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I have only been ER for a short time but I can't imagine going back to a mega corp environment. I don't think I could stomach corp BS for a minute now.

As for people wanting an explanation for a sabbatical gap. I think its similar to telling people you are ER. They can't fathom how you could do it. It just is something they cannot process. You must be crazy or lucky, right? They did no planning so how could anyone else have?

Tell them you took time off to care for a family member. You don't have to tell them it was you!
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Old 11-26-2012, 10:27 AM   #11
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Quote:
Originally Posted by Rachel View Post
I am at the end of a year long sabbatical, but from a different field (medicine).
I have opted to re-enter the fray, but in a different field of practice that did not require going back for more training, but did require plenty of continuing education and reading to make the switch.
When I started interviewing a few months ago, potential employers seemed to think I was "odd" to take a year off. No one seemed to understand that burn out happens. Every bit of credentialing I have had to do insists on long explanations for the "gap" in my resume. Despite all of that, I have found what seems like a wonderful job, working 40 hours a week in a varied and focused field of practice, instead of the 12 hour days and emotional demands of being an office based oncologist.
I am so glad I took this year. I slept, read, traveled, did home improvements, made new friends, exercised and was able to be 100% available to my elderly father who has had a number of health challenges and really needed an advocate. There is absolutely no regret. I am nervous about returning to work just after New Year's, afraid that I have gotten too used to freedom. Time will tell. It helps that I am just about FI and so if I am unhappy I would not stay the course for years and years.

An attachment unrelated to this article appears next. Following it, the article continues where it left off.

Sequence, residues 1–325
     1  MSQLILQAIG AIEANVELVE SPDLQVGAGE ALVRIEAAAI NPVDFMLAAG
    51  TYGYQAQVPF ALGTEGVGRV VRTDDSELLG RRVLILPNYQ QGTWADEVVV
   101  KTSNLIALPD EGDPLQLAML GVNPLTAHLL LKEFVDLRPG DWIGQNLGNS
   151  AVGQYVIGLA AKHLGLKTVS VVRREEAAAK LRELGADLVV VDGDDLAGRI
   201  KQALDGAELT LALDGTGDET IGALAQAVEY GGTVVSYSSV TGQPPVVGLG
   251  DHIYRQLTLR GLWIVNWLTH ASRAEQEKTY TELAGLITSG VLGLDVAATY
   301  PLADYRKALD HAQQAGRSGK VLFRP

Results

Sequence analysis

Rachel,

Thank you for sharing this. For some reason, this has made me feel much more comfortable about my own situation. I hope it has done the same for OP and others.

Please keep us updated occasionally with regard to your journey.

Thank you again.
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Old 11-26-2012, 04:42 PM   #12
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I RE'd at 53 from a technology executive position for the same reason OP mentioned. However, our situation is a bit different as DH was already RE'd. Although I did set up a consulting LLC, it so far has been a non-profit as I have had plenty enough to do and haven't had the inclination to do the sales and networking necessary to get any real gigs.

I would second the motion to set up the LLC as a resume cover. Who knows, it might even be what you decide to do in your 2nd career if RE is not for you. Good luck!
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Old 11-26-2012, 05:14 PM   #13
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I RE'd almost a year ago. At the time I said that I didn't really know whether it was RE or at least a year long break from work. I think I said that because I wasn't yet comfortable with the notion of being "retired" at 57.

I've got used to the idea over the last year, am really enjoying my newfound freedom and can't imagine going back to work. Odd thing is though that I have had occasional dreams of workplace situations on and off over the last month.

Unlike some others, I didn't hate my work - in fact, I really enjoyed my colleagues and most (but not all) of my clients - I was just tired of working and being on call all the time.

At the time my employer and I talked about my possibly doing some consulting on occasion, but so far their has been no need (which is what I told them at the time and is fine with me).
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Old 11-26-2012, 10:59 PM   #14
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I will (finally) FIRE in mid-2013.

I'm dressing it up as taking a career break so I can do a two year part time degree - in effect leaving the idea that I might be back on the table so that if something goes horribly wrong with this FIRE business, returning will be a bit easier.

As others have said, having something on your CV to explain a gap in employment besides "sandologist" is valuable when looking for a job.
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Old 11-27-2012, 09:31 AM   #15
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I retired comfortably FI in Jun 2011 at age 57. DW, 2 years younger than me, tells me she plans to work until mid 2014.

My plan was to start a second career doing something completely different in a few years. So far I still haven't been inclined to start a search for that second career, I'm leaving my options open. I am enjoying the freedom of retirement 3 seasons of the year, winter sucks not so much.

I would not want to go back into the same industry/type of work I was doing (engineer/manufacturing exec) or I would have just stayed where I was, though I would expect that would be more probable I could find work there given my resume. I am not kidding myself that it will be easy to find another career at nearly 60 in another field, but who knows. I assume I will have to start almost from scratch again. If I can't find anything worth doing, so be it...